Juana De Ibarbourou, Life-Hook

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March 10, 2015 by Sarojini Seupersad

"Juana de Ibarbourou from Estampas de la Biblia" by Unknown - Estampas de la Biblia by Juana de Ibarbourou (1934). Licensed under Public Domain via Wikimedia Commons -

“Juana de Ibarbourou from Estampas de la Biblia” by Unknown – Estampas de la Biblia by Juana de Ibarbourou (1934). Licensed under Public Domain via Wikimedia Commons –

It’s day TWO of my Thirty-Day Series of Female Poets! I’m excited to continue with this project and I will devote more time to this as the series goes on and on. Trying to research and write this in a half an hour after a long work day, probably isn’t going to do the series justice, but I will try my best. And I will do it.

Juana Fernández Morales de Ibarbourou was born in Uruguay on March 8, 1892. A self-educated writer, she was one of the most widely known and cherished Latin American writers of her time. Writing both prose and poetry, the life of her career spans five decades for which she was awarded many honors, including the National Grand Prize for Literature (Uruguay, 1959), and a nomination for the Nobel Prize in 1958. Known as a feminist in the early 20th century, her themes revolve around love, death, sexuality, patriarchy and challenging notions of the conservative middle-class from within the structure itself.

She started her writing career with a book of poetry titled, Las Lenguas de Diamante (Diamond Tongues), in 1919. The poem below, Life-Hook, was written between the years 1945 and 1950, and during this time, her work centered around ideas of death and the passage of time. Although she could be lighthearted, she wrote children’s books, poetry and prose, she is most remembered for her more serious themes of love, motherhood, and death.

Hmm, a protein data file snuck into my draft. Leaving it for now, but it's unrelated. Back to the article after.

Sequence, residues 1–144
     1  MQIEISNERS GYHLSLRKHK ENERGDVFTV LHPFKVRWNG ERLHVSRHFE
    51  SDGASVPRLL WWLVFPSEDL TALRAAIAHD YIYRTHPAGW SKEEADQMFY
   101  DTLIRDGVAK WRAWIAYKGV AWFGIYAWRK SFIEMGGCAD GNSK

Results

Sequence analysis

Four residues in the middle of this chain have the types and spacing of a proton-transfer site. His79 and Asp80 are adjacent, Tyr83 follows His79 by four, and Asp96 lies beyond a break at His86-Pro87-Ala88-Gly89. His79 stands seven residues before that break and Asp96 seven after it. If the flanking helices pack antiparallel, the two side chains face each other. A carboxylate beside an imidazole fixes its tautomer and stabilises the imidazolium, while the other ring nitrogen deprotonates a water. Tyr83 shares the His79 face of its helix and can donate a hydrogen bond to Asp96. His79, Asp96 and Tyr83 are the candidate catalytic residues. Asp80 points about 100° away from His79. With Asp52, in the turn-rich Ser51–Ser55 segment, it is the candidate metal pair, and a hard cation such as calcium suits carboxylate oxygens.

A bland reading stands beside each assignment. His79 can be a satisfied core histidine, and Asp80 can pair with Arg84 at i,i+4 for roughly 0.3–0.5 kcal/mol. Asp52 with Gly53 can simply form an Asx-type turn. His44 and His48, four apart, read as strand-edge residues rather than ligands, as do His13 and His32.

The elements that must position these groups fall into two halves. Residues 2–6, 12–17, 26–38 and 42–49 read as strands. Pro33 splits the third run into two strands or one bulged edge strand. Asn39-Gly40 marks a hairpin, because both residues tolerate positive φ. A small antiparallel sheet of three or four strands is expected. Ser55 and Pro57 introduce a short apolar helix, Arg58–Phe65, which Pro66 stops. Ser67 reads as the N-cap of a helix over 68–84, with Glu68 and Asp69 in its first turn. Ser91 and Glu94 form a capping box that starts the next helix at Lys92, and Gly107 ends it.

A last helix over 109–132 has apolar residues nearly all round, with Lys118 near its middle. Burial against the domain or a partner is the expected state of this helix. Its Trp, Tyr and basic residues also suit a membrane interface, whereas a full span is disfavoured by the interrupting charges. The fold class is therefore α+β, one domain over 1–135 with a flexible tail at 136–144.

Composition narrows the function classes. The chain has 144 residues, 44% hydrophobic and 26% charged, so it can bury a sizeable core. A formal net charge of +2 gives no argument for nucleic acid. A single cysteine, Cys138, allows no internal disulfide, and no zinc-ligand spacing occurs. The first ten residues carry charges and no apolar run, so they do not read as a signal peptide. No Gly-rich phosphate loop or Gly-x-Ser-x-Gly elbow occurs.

Juana de Ibarbourou died on July 15, 1979 in Montevideo, Uruguay.


If I die, don’t take me to the cemetary.

My grave is opening

right at the surface of the earth, near the laughing

clatter of some birdhouse

near a fountain and its gossip.

Right at the surface, love. Almost above ground

where the sun can heat my bones, and my eyes

can climb the stems of plants to watch

the sunset, its fierce red lamp.

Right at the surface. So the passage

will be short. I already see

my body fighting to get back above the soil,

to feel the wind again.

I know my hands may never calm down.

The ghosts around me will be dim, juiceless, but my


Will scratch like moles.

Sprout seeds for me. I want them growing

in the yellow chalk of my bones.

I’ll climb the roots like a grey staircase, and watch you

from the purple lilies.


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